We tried to retain as many respondents in the analyses as possible. This means we included individuals who had sufficient information for inclusion in some, but not all of the models. Any discrepancies between the maximum number of respondents and observations reported here and the number of respondents and observations in the final models (as reported in the tables) are due to this inclusion strategy.

  8. 8.

    In supplementary analyses, we also ran the models for only those respondents who reported at least two deviant acts (findings available from the first author).

  9. 9.

    For example, if an individual would report 2 types of theft, 1 type of vandalism, and no types of violence, their total number of reported behavior types is 3. This person would have a score of 0.67 on the theft specialization measure (2/3), a score of 0.33 on the vandalism specialization measure (1/3), and a score of 0 on the violence specialization measure (0/3).

  10. 10.

    The specialization measures differ from the Diversity Index that has been previously applied in individual-level research on offender versatility (e.g., Mazerolle et al. 2000; McGloin et al. 2007; Piquero et al. 1999; Sullivan et al. 2006) in two main respects. First, higher scores indicate specialization rather than versatility. Second, separate measures are constructed for each type of deviance, whereas the Diversity Index was developed to express versatility in one measure. The measures are similar to the Offense Specialization Coefficient employed by DeLisi et al. (2011), except that it was calculated for behavior categories (e.g., theft, vandalism) rather than individual items.

  11. 11.

    Two other possible approaches are to simply take the sum without correcting for the number of friends (the summative measure), or to divide the sum by the number of friends (the average measure). All models were replicated with average measures instead of the square root measures (findings available from the first author). The findings were fairly similar across measurement strategies, but the models using the square root measure fitted the data better than the models using the average measure. See “Appendix A” in the online supplementary material for a more detailed discussion of the different measures.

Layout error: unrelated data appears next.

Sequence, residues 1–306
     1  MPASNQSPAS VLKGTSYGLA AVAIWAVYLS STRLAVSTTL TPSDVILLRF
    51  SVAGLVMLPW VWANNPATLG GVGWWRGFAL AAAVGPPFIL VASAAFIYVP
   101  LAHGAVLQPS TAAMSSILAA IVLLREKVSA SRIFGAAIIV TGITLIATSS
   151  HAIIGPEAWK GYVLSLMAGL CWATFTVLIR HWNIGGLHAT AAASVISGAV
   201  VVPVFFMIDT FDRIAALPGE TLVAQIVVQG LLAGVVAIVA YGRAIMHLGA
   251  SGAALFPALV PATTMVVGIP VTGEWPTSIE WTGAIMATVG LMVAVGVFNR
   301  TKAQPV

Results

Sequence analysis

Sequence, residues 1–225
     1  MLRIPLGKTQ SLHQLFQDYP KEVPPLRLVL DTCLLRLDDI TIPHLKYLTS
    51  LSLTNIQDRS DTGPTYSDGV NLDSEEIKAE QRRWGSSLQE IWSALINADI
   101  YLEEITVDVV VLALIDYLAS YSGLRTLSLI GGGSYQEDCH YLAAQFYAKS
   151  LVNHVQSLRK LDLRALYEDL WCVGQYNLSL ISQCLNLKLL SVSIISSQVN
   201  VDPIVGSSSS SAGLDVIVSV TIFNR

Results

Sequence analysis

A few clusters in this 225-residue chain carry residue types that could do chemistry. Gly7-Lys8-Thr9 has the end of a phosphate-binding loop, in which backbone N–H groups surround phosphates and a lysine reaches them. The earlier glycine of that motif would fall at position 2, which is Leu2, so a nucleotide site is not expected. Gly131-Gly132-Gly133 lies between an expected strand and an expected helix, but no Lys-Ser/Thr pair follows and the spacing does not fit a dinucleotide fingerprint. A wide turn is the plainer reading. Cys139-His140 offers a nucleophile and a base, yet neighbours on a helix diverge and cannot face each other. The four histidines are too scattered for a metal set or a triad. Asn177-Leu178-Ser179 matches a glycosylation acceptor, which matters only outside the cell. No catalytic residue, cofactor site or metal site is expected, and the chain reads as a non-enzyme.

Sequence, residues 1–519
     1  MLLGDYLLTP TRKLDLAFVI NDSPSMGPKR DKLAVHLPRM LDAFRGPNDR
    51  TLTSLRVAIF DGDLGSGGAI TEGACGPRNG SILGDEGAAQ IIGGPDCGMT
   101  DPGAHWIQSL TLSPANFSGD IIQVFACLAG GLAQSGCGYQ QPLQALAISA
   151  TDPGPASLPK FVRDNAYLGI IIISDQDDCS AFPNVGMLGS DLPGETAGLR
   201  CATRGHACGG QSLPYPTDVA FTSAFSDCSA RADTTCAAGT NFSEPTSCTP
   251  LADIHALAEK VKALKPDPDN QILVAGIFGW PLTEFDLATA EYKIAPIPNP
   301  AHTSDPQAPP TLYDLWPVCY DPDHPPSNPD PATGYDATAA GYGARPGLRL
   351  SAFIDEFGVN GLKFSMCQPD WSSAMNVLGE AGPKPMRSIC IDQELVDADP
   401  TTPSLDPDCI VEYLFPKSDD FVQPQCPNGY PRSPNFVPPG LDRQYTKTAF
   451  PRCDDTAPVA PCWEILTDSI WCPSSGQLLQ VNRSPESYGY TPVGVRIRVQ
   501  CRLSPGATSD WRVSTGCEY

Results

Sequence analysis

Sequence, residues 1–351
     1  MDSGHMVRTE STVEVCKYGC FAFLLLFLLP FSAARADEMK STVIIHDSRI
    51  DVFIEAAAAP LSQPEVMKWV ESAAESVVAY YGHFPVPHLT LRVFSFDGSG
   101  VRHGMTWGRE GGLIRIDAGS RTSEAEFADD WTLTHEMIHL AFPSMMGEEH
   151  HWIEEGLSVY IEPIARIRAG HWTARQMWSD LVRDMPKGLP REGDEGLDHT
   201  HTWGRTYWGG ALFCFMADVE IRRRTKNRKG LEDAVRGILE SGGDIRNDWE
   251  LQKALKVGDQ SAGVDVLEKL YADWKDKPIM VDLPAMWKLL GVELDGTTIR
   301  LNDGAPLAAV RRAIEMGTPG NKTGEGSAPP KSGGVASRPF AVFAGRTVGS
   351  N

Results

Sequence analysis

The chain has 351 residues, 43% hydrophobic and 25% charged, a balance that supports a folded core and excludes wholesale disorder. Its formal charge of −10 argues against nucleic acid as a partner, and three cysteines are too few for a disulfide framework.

12. 12.

    We also constructed several alternative measures including the proportion of best and stable friends who were deviant; the proportion of deviant friends who reciprocated the friendship nomination or were best or stable friends; and the proportion of all nominated friends who were deviant as well as best, stable, or reciprocal friends. Bivariate correlations indicated that of all examined measures, the control variable we used in the main analyses was the strongest predictor of each dependent variable, and thus offered the most conservative control.

  13. 13.

    Coefficients were interpreted as log linear and express the change in the log count of the outcome associated with every one-unit increase in the independent variable. The incidence rate ratio (IRR) expresses the multiplicative change in the outcome measure with every one-unit increase in the predictor.

  14. 14.

    Coefficients express the expected change in the log odds of the outcome with every one-unit increase in the independent variable. The odds ratio (OR) expresses the multiplicative change in the odds of the outcome measure with every one-unit increase in the predictor.

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Acknowledgements

The authors would like to thank Gerben Bruinsma, the editor, and the anonymous reviewers for their valuable comments and suggestions.

Funding

This work was supported by Grants from the W.T. Grant Foundation [8316]; National Institute on Drug Abuse [R01-DA018225]; and National Institute of Child Health and Human Development [R24-HD041025]. The analyses used data from PROSPER, a Project directed by R. L. Spoth, funded by the National Institute on Drug Abuse [R01-DA013709]; and the National Institute on Alcohol Abuse and Alcoholism [AA14702]. The content of this article is solely the responsibility of the authors and does not necessarily represent the official views of the National Institutes of Health.

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Hoeben, E.M., Osgood, D.W., Siennick, S.E. et al. Hanging Out with the Wrong Crowd? The Role of Unstructured Socializing in Adolescents’ Specialization in Delinquency and Substance Use. J Quant Criminol 37, 141–177 (2021). https://doi.org/10.1007/s10940-019-09447-4

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Keywords

  • Delinquency versatility
  • Poly-substance use
  • Unstructured socializing
  • Peer influence
  • Adolescence